timeout seconds—Sets the duration for which a call can ring with no answer before the call is forwarded to another extension. Range is from 3 to 60000. There is no default value.

Step 7 

exit

Example:

Router(config-ephone-dn)# exit

Exits ephone-dn configuration mode.

Configuring MWIs

The MWI mechanism turns on the light indicator on Cisco IP phones and other devices, such as the Cisco ATA-186, to inform the user that a voice-mail message is waiting. The MWI mechanism is initiated after someone leaves a voice-mail message and is turned off after the user listens to voice mail. The internal MWI mechanism of the CME router is explained in Figure 3.


Note For extensions associated with analog telephone adaptors (ATAs), the message-waiting indication (MWI) is a lit function button on the ATA and a stutter dial tone on the connected analog phone.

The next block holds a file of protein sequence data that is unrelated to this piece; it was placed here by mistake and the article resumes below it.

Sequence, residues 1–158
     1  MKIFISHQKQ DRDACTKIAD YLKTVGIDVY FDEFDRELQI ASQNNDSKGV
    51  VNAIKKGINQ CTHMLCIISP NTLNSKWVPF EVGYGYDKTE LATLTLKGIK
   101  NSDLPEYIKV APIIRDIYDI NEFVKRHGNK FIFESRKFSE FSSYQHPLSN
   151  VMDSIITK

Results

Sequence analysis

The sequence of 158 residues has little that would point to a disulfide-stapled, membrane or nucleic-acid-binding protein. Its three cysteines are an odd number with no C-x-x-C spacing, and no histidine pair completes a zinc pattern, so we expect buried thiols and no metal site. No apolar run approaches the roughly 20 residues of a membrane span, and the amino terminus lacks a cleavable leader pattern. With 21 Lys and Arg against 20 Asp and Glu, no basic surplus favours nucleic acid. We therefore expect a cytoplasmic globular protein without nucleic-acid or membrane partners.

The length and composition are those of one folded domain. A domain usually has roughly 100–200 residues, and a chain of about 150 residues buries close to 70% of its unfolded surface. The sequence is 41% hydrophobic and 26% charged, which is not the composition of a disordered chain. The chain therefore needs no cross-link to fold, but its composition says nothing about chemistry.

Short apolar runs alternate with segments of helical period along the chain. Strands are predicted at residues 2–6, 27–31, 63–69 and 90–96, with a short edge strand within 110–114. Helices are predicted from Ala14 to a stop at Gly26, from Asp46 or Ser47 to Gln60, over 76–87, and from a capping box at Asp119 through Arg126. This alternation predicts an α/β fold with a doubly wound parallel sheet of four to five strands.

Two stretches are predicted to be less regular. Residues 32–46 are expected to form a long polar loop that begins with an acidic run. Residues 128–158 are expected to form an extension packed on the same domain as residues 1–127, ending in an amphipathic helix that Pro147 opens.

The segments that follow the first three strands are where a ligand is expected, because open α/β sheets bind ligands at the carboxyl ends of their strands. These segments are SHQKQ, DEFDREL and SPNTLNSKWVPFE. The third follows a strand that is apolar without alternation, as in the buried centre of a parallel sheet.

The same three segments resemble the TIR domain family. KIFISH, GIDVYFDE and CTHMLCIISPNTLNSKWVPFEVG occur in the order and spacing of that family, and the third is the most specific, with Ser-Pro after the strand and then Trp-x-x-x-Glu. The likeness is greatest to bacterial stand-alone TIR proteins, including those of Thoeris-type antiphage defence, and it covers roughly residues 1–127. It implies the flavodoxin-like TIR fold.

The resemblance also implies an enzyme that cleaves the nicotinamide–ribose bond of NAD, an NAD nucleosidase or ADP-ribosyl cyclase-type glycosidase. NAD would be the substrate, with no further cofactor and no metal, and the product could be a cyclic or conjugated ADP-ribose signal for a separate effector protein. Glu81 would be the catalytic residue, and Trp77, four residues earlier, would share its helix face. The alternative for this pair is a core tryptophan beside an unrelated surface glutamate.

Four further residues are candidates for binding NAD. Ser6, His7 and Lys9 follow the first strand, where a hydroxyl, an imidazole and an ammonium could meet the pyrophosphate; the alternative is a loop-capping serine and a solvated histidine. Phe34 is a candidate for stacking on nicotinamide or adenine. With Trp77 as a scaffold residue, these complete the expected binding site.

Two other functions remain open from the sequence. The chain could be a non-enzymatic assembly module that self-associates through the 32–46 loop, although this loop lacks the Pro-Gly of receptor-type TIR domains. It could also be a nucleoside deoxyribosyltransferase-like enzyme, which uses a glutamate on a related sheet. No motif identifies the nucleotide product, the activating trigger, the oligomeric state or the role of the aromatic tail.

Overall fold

Figure 3 MWI Mechanism on a Cisco CME Router Hosting Cisco Unity Express

In the network topology in Figure 3, the following events take place:

1. The Cisco IP phone with the extension 1001 receives a call, and the call is not answered.

2. The Cisco IP phone with the extension 1001 forwards the call to voice mail.

3. The greeting for extension 1001 plays, and a voice-mail message is left.

4. Cisco Unity Express places an MWI notification call to the MWI processing ephone-dn 8000 and appends 1001 as the calling party ID for the notification call. The number 80001001 is dialed.

5. Ephone-dn 8000 accepts the MWI notification call and switches on the message-waiting light for extension 1001.

6. When the phone user at extension 1001 listens to all of the voice mail, Cisco Unity Express places an MWI notification call to ephone-dn 8001 and appends 1001 as the calling party ID. The number 80011001 is dialed.

For these events to occur, the mwi on and mwi off commands are required. MWI status notification calls are processed by dummy ephone-dns, which are ephone-dns that are not used for phone calls. One MWI processing ephone-dn must be allocated to activate MWIs, and another must be allocated to deactivate MWIs.

SUMMARY STEPS

1. ephone-dn dn-tag

2. number number

3. mwi {on | off}

4. exit

DETAILED STEPS

 
Command
Purpose

Step 1 

ephone-dn dn-tag

Example: